Are We Reading the Web or Is the Web Reading Us?

You are probably used to seeing a time indicator for the length of a video on You Tube. After seeing the amount of time for a video, you likely make a decision about if or when you will view the video. Well, a similar time indicator is appearing on website articles and blog posts. I hadn’t noticed this until I read Ian O’Bryne’s blog post Tweaking Word Press to Scaffold and Empower Your Readers. O’Bryne described his process for making decisions about creating his blog and his decision to add a Reading Time indicator for his posts. This indicator gives the estimated amount of time it will take to read the post. Here is an image from one of Ian’s blog posts.

Screen Shot 2015-09-25 at 9.09.22 AM

This idea of a reading time indicator is interesting to me. How is this time calculated? There are so many factors that can impact reading rate, and thus time – including interest in the topic, vocabulary difficulty, concept complexity, number and type of graphics. Let’s not forget the inherent distractions that are possible when reading online. My thoughts quickly led me to wonder, how would a reading time indicator impact children’s reading of the Web? Would children try to time themselves and attempt to beat a reading time that was likely calculated for adults. Those who work with children know where this is headed – less efficient reading and less emphasis on comprehension.

As I explored the idea of reading time, or time points, I found that in the business world, there is much emphasis placed on analyzing the reading habits of Web readers. Metrics or data about readers’ habits are collected and analyzed, then used to make the reading experience more optimal – meaning more engaging to the reader, thus leading to more interaction with the text. Essentially the Web is reading our reading habits and using that data to influence the reading experience.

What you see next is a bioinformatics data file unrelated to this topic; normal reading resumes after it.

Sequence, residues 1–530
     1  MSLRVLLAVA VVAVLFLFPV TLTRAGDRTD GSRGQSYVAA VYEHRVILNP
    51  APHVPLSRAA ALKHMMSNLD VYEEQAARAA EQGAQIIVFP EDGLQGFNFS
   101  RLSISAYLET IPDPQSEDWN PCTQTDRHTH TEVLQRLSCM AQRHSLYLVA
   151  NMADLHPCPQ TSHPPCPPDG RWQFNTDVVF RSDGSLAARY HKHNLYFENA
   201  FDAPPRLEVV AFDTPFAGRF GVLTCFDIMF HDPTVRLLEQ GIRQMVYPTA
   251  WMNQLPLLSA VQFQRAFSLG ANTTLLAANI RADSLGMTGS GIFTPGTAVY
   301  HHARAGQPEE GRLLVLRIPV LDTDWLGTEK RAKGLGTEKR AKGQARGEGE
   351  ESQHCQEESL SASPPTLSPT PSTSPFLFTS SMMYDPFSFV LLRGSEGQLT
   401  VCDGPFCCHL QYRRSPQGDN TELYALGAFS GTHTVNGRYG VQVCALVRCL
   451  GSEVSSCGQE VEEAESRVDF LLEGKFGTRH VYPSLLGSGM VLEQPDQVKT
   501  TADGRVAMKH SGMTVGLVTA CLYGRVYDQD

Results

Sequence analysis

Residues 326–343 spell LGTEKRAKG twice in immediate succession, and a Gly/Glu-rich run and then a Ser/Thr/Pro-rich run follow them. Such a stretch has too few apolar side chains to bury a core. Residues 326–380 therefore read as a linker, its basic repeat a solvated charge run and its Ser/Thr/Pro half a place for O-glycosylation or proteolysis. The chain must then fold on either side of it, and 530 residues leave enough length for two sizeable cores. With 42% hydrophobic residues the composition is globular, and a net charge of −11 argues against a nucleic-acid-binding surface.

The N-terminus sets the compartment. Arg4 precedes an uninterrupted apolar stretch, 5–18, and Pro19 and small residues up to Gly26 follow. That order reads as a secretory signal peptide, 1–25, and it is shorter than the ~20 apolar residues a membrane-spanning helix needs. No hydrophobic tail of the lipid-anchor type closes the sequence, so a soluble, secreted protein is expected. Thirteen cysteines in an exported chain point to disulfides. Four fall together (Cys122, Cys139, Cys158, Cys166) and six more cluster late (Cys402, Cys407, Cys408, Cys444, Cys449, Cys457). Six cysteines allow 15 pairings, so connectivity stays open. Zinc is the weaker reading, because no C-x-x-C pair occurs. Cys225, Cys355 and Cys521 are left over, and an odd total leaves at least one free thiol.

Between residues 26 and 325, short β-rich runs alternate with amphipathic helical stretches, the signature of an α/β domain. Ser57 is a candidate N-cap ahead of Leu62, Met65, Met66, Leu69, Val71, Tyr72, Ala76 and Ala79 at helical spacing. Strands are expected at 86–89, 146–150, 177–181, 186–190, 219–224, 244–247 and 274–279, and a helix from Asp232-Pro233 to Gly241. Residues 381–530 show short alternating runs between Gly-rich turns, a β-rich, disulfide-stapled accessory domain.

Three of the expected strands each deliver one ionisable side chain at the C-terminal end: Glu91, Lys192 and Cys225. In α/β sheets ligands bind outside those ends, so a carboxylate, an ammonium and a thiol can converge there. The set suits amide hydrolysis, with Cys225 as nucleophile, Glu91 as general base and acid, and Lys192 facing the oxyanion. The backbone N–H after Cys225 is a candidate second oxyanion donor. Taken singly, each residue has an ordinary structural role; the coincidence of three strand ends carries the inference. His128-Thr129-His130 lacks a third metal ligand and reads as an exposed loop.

So what does this mean for children and their Web reading experience? In a perfect world children would be reading websites designed specifically for them as readers. But the Internet is far from a perfect world, and children often read online articles written with adults in mind. It’s important for teachers to point out reading time indicators and to explain that these indicators are only a rough estimate and that there are lots of factors that can cause a person to read faster or slower than this suggested time. Above all, we must help students understand the influence of purpose. Before reading a web article, ask yourself questions such as

  • Why am I reading this article?
  • What do I hope to learn?
  • What do I plan to do with the information?
  • How closely do I need to read this article to meet my purpose?

When a reader answers these questions, then the reading time indicator becomes a guide, but not a number written in stone.

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